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16 Jul 2015


by Leo Kelion @ bbc.com:

The BBC has revealed the final design of the Micro Bit, a pocket-sized computer set to be given to about one million UK-based children in October.

The device – which features a programmable array of red LED lights – includes two buttons and a built-in motion sensor that were not included in a prototype shown off in March.

But another change means the product no longer has a slot for a thin battery.

That may compromise its appeal as a wearable device.

An add-on power pack, fitted with AA batteries, will be needed to use it as a standalone product.

The BBC’s director general Tony Hall said the device should help tackle the fact children were leaving school knowing how to use computers but not how to program them.

BBC Micro Bit computer’s final design revealed – [Link]

16 Jul 2015


by Martin Cooke @ elektormagazine.com:

Microchip has announced a new addition to its portfolio of human interface solutions. The MTCH6303 supports touch panel sensors with up to 1000 nodes and 10 inch diagonals. The device uses signal processing to filter noise and provide predictive tracking of up to 10 fingers, at scan rates of up to 250Hz with a minimum of 100Hz each for five touches. The projected-capacitive touch controller provides multi-touch coordinates as well as a ready-made multi-finger surface gesture suite that can bring modern user interface elements such as pinch and zoom, multifinger scrolling and swipes to any embedded design with minimal loading on the host processor. It can also be used with Microchip’s MTCH652 high-voltage line driver to achieve better SNR in noisy environments.

When combined with the MGC3130, the MTCH6303 solution is also capable of supporting 3D air gestures up to 20cm distance from the touch panel. Microchip’s MGC3130 E-field-based 3D tracking and gesture controller includes Microchip’s patented GestIC technology, allowing user input via natural hand and finger movements in free space.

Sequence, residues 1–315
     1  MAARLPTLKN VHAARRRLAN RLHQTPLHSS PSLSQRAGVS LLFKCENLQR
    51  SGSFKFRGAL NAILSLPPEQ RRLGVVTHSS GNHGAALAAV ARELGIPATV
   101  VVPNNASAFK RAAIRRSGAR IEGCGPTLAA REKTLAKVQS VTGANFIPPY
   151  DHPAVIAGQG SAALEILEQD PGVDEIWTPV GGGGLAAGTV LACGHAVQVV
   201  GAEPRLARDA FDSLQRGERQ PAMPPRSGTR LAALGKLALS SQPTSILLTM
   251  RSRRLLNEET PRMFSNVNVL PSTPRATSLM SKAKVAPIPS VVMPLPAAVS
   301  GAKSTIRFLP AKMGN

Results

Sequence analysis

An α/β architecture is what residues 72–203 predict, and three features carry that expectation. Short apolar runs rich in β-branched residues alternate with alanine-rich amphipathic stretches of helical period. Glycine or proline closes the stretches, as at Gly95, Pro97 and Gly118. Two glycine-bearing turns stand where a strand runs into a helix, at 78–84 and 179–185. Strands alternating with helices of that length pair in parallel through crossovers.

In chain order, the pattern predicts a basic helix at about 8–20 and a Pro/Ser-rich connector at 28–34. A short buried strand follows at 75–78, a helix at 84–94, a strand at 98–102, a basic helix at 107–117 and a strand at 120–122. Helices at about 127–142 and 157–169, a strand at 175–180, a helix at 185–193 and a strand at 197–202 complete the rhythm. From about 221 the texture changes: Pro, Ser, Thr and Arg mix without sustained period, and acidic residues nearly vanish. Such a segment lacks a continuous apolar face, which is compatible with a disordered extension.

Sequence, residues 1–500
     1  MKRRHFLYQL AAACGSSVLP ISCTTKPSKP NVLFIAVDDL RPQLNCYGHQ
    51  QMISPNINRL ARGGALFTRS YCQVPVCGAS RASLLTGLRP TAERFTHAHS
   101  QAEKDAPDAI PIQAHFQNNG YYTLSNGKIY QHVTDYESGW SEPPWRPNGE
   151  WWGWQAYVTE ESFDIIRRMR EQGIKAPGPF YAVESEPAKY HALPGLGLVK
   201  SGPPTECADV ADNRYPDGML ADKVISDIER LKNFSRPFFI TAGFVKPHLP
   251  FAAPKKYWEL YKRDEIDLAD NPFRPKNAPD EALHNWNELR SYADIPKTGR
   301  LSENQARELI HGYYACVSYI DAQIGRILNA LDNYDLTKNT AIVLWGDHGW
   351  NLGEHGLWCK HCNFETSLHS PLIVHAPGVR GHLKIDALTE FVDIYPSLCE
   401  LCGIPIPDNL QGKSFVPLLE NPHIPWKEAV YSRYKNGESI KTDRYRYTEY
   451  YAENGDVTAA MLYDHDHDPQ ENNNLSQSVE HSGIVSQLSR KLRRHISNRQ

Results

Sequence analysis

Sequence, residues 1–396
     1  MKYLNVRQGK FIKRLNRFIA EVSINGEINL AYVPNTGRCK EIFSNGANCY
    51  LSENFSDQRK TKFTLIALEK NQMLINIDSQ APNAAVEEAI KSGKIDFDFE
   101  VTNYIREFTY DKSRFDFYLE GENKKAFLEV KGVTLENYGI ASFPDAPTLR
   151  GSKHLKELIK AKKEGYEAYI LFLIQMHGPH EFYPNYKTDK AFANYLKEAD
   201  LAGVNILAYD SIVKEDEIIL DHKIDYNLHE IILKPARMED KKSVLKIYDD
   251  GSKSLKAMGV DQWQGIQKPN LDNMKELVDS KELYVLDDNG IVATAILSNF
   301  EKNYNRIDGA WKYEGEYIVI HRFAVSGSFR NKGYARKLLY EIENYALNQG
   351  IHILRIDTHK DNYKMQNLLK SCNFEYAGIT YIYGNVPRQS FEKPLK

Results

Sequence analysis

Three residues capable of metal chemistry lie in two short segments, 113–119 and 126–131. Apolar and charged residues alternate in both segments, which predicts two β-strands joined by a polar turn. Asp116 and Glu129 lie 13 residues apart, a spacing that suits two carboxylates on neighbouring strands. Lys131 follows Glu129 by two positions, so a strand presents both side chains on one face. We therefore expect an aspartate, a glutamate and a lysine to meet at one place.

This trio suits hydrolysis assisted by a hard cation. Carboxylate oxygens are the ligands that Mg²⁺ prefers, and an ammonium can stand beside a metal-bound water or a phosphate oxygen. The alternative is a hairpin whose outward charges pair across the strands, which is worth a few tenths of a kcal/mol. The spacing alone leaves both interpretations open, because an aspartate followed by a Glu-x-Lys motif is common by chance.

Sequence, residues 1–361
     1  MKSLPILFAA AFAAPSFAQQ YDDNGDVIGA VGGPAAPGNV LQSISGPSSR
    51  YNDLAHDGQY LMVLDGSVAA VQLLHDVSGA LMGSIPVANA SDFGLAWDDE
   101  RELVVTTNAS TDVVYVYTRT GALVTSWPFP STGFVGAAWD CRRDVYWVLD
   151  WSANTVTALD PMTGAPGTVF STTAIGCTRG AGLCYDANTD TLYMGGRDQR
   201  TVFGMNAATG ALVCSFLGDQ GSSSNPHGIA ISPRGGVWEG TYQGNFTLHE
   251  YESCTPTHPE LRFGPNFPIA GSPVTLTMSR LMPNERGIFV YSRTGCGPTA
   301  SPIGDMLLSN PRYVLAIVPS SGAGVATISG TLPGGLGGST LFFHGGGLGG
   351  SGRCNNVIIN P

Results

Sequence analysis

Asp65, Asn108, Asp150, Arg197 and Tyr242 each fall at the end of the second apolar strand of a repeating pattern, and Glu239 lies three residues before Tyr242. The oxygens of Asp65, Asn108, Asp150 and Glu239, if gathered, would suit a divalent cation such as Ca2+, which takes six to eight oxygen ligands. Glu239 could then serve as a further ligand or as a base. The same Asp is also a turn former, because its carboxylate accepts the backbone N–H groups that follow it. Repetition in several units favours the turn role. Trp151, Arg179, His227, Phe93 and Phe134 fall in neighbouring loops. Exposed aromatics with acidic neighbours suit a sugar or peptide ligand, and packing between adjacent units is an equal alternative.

Microchip Touch and Gesture Solutions – [Link]

16 Jul 2015


LTC4015 is a highly integrated, high voltage multichemistry synchronous step-down battery charger controller with onboard telemetry functions. The device efficiently transfers power from a variety of input sources, such as wall adapters and solar panels, to a Li-Ion/Polymer, LiFePO4 or lead-acid battery stack and system load up to 35V.

It provides advanced system monitoring and management functionality, including battery Coulomb counting and health monitoring. While a host microcontroller is required to access the most advanced features of the LTC4015, the use of an I²C port is optional. The main charging features of the product can be adjusted using pin-strap configurations and programming resistors.

35VIN & VOUT battery charge controller delivers up to 20A – [Link]

16 Jul 2015


Andy build an android reflow controller based on ATMega8L . He writes:

Welcome to the never ending saga of Andy and his reflow controllers. About a year ago I published a project writeup showing how I built a PID-based reflow controller. It featured a 640×360 graphical LCD from the Sony U5 Vivaz mobile phone and was all-surface mount. It worked well and continues to serve me well to this day but I always thought that there were improvements that I could make in several areas.

Firstly, there’s no reason why it should have been all surface-mount. The LCD in particular has a 0.4mm connector that many people will find very hard to solder by hand. After all, presumably you’re building a reflow controller to help solve that very problem. Chicken and egg.

An Android Reflow controller that anyone can build – [Link]

15 Jul 2015


Turn loads on and off with your Arduino! Use 5V to control up to 100V. Add a motor, solenoid, or get creative! P channel or N Channel.